By re-examining theories of linguistic politeness in Japanese and carefully analysing the data collected from re- cent Japanese TV dramas, this study confirms that, as a general principle, B & L’s (1978, 1987) theory of face does apply to Japanese language and culture and forms the basic factor of linguistic politeness. The actual face- work and face redressive strategies in Japanese, however, show some unique features. By the word “unique”, we do not simply mean that Japanese speakers need to act appropriately according to the social norm and their un- derstanding or discernment of the social norm in order for an interaction to be successful, as this is in common with other cultures. We see the uniqueness of the Japanese as that their discernment (wakimae) and recognition of the social position and relationship (tachiba) of the participants, which form the second layer of the deter- mining factors of politeness, make speakers of Japanese always attend to and try to fulfil the other participant’s face wants including both positive and negative face, and, at the same time, maintain their own positive face but rarely claim their own negative face, especially when being the one with less power and a lower social position in an interaction. The data set of this study also suggests a model of face redressing strategies co-occurring with face threatening acts (FTA) in Japanese. That is, a pre-FTA hedge and/or a post-FTA excuse is needed almost all the time. In some extreme examples, the FTA itself can be omitted and implied by a pre-FTA hedge and/or a post-FTA excuse. This study holds that none of the existing theories alone can explicate Japanese linguistic po- liteness, as linguistic politeness is a very complicated issue influenced by multiple factors including general face want of participants, the participants’ societal positions and social relationships (tachiba), social norm that the interactants share, the interactants’ discernment or interpretation of the social rules (wakimae), immediate con- text of the interaction, and possible strategies for the interactants to choose under the constrains of the other si- multaneously functioning factors. That is, linguistic politeness cannot be explicated from the viewpoint of any of these factors alone. All the factors need to be taken into consideration at the same time, and they must be seen as issues at different levels.
Number of Japanese senses The total number of senses for Japanese words was taken from MeikyoKokugoJiten (Meikyo Japanese Dictionary , 2008 edition). In four cases, the Japanese loanword was not listed as a single entry (i.e., only as a compound entry) in the selected dictionary; therefore, the number of senses for these items was taken from a second dictionary—Koujien, 6th edition (2008)—in which the items were listed as single entries. Similar to the number of English senses, there was no difference between cognates and noncognates in terms of the number of Japanese senses. Japanese word length Japanese word length was calculated as the total number of morae in each word. A mora is the basic phonemic unit in Japanese, roughly corresponding to a sylla- ble. For example, 魚 /sakana/ “fish” is written in kanji (Sino- Japanese characters) and contains three morae, which can be visualized by transcribing the word using the phonetic script, hiragana: さかな , /sa/, /ka/, /na/. On the other hand, カンガル ー /kangaruu/ “ kangaroo, ” is written in katakana, which is used for writing loanwords, and contains five morae in Japanese (/ ka/, /n/, /ga/, /ru/, and /u/) , even though the English word contains only three syllables. This exemplifies how the Japanese phonemic system determines the resulting phonetic constitution of the borrowed word, while also briefly illustrat- ing the use of the three scripts of the Japanese language. The Bayes factor (BF = 0.02) provides very strong evidence for a difference in the numbers of morae in cognate and noncognate words, such that the former were longer on average. This is not surprising given that loanwords, which are rephonalized into Japanese from English, tend to be longer than native Japanese words, which typically contain 2 – 4 morae.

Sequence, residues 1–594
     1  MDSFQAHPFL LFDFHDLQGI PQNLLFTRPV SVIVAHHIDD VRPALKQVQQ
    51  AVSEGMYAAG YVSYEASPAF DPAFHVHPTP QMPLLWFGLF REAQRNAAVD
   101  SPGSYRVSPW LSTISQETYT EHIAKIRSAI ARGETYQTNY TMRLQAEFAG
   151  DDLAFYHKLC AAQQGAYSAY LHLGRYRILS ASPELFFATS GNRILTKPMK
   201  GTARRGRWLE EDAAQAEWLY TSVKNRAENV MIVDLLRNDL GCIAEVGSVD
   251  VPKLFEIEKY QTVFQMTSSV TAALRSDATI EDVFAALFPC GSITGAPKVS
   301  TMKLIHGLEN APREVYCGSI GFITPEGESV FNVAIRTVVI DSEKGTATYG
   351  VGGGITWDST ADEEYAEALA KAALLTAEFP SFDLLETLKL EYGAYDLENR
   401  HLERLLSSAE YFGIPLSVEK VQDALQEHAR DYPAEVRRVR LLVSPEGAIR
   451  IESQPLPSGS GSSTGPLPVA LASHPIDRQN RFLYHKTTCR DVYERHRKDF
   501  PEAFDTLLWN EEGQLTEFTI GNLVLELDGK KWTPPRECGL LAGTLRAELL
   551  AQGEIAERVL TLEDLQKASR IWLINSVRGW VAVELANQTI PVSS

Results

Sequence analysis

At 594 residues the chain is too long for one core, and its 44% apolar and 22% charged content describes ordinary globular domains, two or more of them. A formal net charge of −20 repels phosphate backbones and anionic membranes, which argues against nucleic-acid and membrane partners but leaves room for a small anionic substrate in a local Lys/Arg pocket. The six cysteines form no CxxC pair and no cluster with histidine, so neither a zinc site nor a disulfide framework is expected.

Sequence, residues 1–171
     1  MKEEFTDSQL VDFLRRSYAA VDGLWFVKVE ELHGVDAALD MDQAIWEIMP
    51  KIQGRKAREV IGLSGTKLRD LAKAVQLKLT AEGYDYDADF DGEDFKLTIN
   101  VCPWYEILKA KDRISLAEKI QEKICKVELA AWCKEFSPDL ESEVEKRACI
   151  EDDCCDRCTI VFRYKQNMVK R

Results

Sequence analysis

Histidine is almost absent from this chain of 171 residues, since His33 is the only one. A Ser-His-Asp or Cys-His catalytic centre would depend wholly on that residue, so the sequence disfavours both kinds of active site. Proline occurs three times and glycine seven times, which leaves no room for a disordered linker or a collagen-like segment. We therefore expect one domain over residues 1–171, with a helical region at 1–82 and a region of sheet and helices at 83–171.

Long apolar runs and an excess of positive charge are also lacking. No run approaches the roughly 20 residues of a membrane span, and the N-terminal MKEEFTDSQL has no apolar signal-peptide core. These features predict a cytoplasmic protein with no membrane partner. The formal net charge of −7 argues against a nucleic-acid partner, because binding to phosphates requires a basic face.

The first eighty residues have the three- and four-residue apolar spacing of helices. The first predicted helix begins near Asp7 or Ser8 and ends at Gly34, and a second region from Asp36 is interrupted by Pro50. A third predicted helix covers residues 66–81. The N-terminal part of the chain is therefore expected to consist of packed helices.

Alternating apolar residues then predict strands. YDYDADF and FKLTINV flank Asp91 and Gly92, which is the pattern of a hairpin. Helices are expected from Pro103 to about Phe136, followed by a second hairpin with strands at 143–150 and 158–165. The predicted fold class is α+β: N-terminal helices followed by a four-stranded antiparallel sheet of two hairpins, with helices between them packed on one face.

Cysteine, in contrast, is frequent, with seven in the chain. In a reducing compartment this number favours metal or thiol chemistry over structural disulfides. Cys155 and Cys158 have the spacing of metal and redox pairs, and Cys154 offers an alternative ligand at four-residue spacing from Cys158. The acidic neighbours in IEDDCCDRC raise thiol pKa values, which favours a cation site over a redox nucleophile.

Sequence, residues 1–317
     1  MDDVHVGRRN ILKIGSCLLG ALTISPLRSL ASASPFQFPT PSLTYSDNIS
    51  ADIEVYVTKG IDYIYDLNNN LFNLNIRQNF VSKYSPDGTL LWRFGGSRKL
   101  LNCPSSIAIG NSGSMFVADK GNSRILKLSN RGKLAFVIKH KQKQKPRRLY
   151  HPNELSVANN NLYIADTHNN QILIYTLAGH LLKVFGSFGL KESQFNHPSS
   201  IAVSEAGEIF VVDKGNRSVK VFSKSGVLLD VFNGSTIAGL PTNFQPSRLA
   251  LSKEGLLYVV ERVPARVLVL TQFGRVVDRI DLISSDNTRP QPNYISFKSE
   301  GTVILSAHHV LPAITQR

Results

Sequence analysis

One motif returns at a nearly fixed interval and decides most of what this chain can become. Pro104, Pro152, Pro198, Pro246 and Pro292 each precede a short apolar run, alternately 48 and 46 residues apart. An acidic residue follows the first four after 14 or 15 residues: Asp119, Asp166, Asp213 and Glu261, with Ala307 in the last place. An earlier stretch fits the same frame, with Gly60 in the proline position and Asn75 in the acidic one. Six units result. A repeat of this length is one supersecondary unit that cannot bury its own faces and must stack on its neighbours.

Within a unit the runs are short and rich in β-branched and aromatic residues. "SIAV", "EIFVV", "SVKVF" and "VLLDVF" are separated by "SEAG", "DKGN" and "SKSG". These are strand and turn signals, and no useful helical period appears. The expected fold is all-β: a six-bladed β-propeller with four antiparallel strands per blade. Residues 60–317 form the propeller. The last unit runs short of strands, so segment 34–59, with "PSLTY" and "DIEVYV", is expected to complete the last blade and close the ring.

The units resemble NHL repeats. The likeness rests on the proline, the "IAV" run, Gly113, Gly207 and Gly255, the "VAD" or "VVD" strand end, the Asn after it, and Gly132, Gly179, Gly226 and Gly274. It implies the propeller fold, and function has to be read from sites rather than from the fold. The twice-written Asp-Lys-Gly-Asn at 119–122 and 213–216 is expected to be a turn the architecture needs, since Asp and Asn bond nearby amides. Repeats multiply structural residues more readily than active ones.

Here, we investigate the possibility of whether the similarity calculated in the mapped space can be used to detect the loanwords that are very differ- ent from or close to the original English words. We show the 20 words with the lowest cosine sim- ilarities and the 20 words with highest cosine sim- ilarities in Table 4. First, let us take a look at the words on the right, which have high similarities. Most of them are technical terms (e.g., hexade- cane and propylene), and domain-specific terms such as musical instruments (e.g., piano and vi- olin) and computer-related terms (computer and software). This result is consistent with the fact that the meanings of technical terms tend not to change, at least for Japanese (Nishiyama, 1995). Next, let us take a look at the words on the left, which have low similarities. Many of them are ac- tually ambiguous, and this ambiguity is often due to the Japanese phonetic system. For example, lighter and writer are assigned to the same loan- word in Japanese, because the Japanese language does not distinguish the consonants l and r. The words clause, close and clothe are also assigned to the same loanword also because of the Japanese phonetic system. Other words are used as parts of named entities, also resulting in low similarity. For example, the Japanese loanword for refer is more often used as Rifaa, the name of a city in Bahrain, but hardly as refer. The loanword for irregular is often used as part of a video game title Irregular Hunter. However, we can also find words with sig-